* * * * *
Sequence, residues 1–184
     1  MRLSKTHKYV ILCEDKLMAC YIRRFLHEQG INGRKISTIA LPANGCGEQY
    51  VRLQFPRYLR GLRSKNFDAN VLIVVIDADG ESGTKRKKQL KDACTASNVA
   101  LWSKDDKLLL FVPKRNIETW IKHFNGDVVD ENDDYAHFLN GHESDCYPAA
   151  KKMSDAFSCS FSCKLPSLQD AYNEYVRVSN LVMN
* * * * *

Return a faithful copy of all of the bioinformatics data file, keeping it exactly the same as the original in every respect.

Sequence, residues 1–184
     1  MRLSKTHKYV ILCEDKLMAC YIRRFLHEQG INGRKISTIA LPANGCGEQY
    51  VRLQFPRYLR GLRSKNFDAN VLIVVIDADG ESGTKRKKQL KDACTASNVA
   101  LWSKDDKLLL FVPKRNIETW IKHFNGDVVD ENDDYAHFLN GHESDCYPAA
   151  KKMSDAFSCS FSCKLPSLQD AYNEYVRVSN LVMN